Strengthen the stability of the scholarly research record for the KU community and beyond by refining our practices around how content is produced, acquired, described, managed, and discovered. We will continue to align our scholarly communication and content priorities, and ensure that we have the right tools, skills, and data to make work efficiently and effectively influence informed decisions.
The decision was made to renew KU Libraries' package with Elsevier for one year, allowing time for continued analysis. Some preliminary work in analyzing the Oxford package has taken place, and faculty and staff are beginning the Wiley and Sage reviews. Smaller journal packages will continue to be evaluated for review and potential reduction.
Collaborative reviews of the Watson Periodicals and other resources continue.
Alternative options for obtaining mediated or unmediated journal material are being investigated, in preparation for subsequent stages of inflationary increase.
Staff are planning to transition to the new Primo Discovery UI – determining customizations to migrate, outlining staff engagement plans and preparing for user tests.
Migration to the new Caisoft Annex inventory system was completed. This system will offer new reporting options, and because it is a hosted service, allow us to decommission an on-premises server.
The E-Journals portal was updated to reduce confusion with journal availability, based on staff feedback.
Resource Description and Access (RDA) updates to Voyager catalog records were made to ensure that records meet current cataloging standards.
Faculty in International Collections (IC) submitted a Strength of the Library Sections to the director of the Center for Latin American & Caribbean Studies and are preparing to submit reports to other area studies center directors in May 2018.
Faculty and staff from Spencer Research Library and elsewhere reviewed use of select KU Endowment funds designated as “underutilized” in recent years, then developed plans for spending down funds, where possible, and/or articulating the strategy for holding onto funds at this point in time.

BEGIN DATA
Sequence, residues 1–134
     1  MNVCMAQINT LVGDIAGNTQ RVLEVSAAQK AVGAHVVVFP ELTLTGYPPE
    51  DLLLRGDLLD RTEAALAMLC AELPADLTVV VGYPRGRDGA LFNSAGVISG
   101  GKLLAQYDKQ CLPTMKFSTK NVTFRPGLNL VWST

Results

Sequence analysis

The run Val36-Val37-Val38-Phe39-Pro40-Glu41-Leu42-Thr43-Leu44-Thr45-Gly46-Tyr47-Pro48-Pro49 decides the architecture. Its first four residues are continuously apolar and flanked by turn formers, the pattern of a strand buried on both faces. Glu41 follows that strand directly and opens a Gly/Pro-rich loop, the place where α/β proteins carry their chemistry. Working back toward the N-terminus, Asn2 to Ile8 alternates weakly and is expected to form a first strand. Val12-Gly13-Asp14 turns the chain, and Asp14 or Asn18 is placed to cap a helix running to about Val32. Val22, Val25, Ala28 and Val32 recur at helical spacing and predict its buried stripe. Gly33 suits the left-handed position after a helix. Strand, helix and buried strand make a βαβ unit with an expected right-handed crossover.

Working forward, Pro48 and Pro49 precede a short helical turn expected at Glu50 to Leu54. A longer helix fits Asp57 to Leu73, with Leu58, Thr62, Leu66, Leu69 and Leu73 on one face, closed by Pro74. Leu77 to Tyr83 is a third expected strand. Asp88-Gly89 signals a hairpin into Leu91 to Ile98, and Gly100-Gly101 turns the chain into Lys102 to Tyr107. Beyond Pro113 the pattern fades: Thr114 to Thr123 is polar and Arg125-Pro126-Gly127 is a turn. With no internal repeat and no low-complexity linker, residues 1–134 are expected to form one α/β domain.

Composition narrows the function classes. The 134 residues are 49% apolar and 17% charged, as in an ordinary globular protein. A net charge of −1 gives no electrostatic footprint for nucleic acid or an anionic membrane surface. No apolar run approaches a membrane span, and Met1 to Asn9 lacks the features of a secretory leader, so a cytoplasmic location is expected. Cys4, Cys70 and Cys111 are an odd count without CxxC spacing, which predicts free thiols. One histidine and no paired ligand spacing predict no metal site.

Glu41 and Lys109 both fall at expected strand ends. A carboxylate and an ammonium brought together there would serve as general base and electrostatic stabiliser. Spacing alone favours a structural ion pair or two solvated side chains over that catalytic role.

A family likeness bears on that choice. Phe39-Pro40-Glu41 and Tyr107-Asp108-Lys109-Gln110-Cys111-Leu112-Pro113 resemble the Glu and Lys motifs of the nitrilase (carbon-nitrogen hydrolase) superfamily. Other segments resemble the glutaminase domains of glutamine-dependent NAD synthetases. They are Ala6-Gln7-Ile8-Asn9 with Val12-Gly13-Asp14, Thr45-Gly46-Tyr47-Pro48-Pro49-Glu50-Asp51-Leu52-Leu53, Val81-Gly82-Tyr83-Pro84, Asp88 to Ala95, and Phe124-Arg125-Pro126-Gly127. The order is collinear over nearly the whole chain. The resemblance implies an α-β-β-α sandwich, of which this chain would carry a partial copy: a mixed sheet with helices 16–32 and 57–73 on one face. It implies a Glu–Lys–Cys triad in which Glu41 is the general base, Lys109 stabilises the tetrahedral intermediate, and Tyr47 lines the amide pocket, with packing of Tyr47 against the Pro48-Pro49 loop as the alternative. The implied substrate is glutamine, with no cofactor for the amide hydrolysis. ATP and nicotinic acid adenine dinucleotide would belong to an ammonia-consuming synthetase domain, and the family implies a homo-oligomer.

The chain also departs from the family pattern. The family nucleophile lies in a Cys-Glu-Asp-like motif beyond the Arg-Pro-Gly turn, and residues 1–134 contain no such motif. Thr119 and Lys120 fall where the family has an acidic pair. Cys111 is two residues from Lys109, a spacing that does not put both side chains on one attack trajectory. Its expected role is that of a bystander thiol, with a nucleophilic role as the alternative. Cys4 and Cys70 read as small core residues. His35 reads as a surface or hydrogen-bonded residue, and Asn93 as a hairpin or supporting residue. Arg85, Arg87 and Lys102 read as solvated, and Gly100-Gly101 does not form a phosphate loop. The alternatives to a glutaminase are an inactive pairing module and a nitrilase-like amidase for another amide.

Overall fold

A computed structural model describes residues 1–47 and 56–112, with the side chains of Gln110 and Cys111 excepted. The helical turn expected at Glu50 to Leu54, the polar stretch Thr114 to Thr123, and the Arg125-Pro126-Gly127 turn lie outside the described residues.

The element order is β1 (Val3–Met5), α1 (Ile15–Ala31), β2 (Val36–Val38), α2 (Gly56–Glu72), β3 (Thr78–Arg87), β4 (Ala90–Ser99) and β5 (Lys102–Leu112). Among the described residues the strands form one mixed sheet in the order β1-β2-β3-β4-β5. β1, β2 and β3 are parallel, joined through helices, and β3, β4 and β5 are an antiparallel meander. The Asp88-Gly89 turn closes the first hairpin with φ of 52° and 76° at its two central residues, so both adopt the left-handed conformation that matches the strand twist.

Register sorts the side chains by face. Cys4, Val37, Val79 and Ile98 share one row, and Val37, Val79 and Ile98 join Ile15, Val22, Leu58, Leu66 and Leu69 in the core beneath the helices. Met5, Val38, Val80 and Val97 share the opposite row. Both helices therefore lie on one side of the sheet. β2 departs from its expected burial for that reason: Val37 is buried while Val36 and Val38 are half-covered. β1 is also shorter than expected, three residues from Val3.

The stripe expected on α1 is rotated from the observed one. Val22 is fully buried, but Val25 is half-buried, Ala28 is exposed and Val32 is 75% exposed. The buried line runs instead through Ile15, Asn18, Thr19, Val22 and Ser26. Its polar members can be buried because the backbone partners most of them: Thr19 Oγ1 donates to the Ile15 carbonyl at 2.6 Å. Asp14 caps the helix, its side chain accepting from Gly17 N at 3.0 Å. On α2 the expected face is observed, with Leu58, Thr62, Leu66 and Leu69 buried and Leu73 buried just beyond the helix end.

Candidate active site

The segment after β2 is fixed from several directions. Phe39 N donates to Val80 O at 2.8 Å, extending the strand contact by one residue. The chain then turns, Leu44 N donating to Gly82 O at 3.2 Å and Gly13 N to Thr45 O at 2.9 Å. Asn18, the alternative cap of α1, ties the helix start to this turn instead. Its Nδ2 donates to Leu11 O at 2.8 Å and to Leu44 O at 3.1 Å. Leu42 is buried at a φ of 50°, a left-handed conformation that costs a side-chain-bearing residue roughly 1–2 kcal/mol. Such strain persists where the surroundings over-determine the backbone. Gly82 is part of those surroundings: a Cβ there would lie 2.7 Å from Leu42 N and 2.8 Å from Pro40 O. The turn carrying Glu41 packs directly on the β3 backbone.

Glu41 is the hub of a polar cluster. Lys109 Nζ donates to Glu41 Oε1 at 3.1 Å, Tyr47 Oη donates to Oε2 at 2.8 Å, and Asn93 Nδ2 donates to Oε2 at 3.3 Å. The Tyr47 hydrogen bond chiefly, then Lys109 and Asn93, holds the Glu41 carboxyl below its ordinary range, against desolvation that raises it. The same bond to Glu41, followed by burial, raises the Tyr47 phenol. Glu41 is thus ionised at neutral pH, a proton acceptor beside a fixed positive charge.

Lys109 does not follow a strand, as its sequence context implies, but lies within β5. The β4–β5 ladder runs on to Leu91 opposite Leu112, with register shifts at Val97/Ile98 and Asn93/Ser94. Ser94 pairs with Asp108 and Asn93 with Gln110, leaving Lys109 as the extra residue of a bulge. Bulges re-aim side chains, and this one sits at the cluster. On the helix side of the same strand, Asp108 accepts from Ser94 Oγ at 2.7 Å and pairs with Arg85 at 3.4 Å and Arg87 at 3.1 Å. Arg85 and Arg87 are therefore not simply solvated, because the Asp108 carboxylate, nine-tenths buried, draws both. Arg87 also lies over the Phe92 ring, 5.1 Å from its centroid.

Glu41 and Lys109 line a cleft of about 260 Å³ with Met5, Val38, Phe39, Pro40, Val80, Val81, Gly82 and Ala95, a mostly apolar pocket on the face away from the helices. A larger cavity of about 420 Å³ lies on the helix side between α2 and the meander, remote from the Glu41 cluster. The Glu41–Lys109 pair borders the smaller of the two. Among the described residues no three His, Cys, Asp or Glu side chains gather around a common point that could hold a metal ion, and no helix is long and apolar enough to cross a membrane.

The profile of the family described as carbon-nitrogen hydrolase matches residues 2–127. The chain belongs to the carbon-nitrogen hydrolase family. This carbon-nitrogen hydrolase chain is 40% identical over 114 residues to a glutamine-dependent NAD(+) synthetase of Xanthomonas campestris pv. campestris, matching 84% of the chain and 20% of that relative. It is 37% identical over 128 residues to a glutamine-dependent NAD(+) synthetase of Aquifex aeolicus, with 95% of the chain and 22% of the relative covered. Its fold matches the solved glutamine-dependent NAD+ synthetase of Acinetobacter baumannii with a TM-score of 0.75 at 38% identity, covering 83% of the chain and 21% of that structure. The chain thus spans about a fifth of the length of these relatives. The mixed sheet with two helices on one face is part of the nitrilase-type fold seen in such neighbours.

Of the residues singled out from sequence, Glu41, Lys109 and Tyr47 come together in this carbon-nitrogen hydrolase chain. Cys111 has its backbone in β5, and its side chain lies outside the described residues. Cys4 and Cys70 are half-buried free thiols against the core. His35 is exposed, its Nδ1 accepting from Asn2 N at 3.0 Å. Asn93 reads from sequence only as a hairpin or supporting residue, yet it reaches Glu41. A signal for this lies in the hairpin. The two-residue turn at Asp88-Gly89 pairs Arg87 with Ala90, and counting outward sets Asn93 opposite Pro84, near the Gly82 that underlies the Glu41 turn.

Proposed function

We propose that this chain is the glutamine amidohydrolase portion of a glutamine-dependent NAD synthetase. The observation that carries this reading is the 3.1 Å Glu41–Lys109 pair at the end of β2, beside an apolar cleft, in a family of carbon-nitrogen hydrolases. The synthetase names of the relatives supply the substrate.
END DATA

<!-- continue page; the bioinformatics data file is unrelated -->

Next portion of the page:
The campus-level Textbook Working Group developed a survey for faculty who report “no textbook” for a given semester. This will likely be distributed in the summer or fall.
The Open Educational Resource (OER) working group continues to support grants to faculty who plan to adopt, adapt or create an OER – having awarded almost $50K in grants to this point.
Priority area 2:
Expand our capacity to support digital scholarship and enhance the research profile of KU faculty. Build our expertise for supporting scholars engaged in digitally-enabled research through targeted professional development and engagement with partners.
Springshare is helping to clean up mass scale loading errors for journal and database usage.
Staff added back issues to several journals and began minting digital object identifiers (DOIs) for serial monograph chapters.
The Digital Project Support Hub scheduled and publicized their first meetings – hosted to provide a forum for libraries faculty and staff to share and seek help with digital projects.
Faculty and staff from the libraries and the Institute for Digital Research in the Humanities (IDRH) began collaborations with colleagues at the University of North Texas to plan the 2018 Digital Frontiers conference – taking steps to secure keynote speakers and send out a call for proposals.